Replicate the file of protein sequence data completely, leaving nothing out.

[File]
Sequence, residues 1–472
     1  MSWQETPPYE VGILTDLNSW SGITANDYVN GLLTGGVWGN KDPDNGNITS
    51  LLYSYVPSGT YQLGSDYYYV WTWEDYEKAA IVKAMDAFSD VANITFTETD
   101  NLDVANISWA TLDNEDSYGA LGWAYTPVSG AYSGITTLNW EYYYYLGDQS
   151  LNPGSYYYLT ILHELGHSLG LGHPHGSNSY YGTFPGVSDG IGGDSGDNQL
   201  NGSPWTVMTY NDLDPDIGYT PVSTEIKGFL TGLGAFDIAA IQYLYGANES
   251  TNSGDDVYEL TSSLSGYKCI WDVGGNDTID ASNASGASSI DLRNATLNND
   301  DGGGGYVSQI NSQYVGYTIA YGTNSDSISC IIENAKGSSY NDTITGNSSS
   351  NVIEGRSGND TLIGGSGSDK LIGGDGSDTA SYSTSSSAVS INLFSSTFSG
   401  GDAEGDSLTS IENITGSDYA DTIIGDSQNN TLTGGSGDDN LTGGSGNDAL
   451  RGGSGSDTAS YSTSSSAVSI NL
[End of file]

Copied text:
Sequence, residues 1–472
     1  MSWQETPPYE VGILTDLNSW SGITANDYVN GLLTGGVWGN KDPDNGNITS
    51  LLYSYVPSGT YQLGSDYYYV WTWEDYEKAA IVKAMDAFSD VANITFTETD
   101  NLDVANISWA TLDNEDSYGA LGWAYTPVSG AYSGITTLNW EYYYYLGDQS
   151  LNPGSYYYLT ILHELGHSLG LGHPHGSNSY YGTFPGVSDG IGGDSGDNQL
   201  NGSPWTVMTY NDLDPDIGYT PVSTEIKGFL TGLGAFDIAA IQYLYGANES
   251  TNSGDDVYEL TSSLSGYKCI WDVGGNDTID ASNASGASSI DLRNATLNND
   301  DGGGGYVSQI NSQYVGYTIA YGTNSDSISC IIENAKGSSY NDTITGNSSS
   351  NVIEGRSGND TLIGGSGSDK LIGGDGSDTA SYSTSSSAVS INLFSSTFSG
   401  GDAEGDSLTS IENITGSDYA DTIIGDSQNN TLTGGSGDDN LTGGSGNDAL
   451  RGGSGSDTAS YSTSSSAVSI NL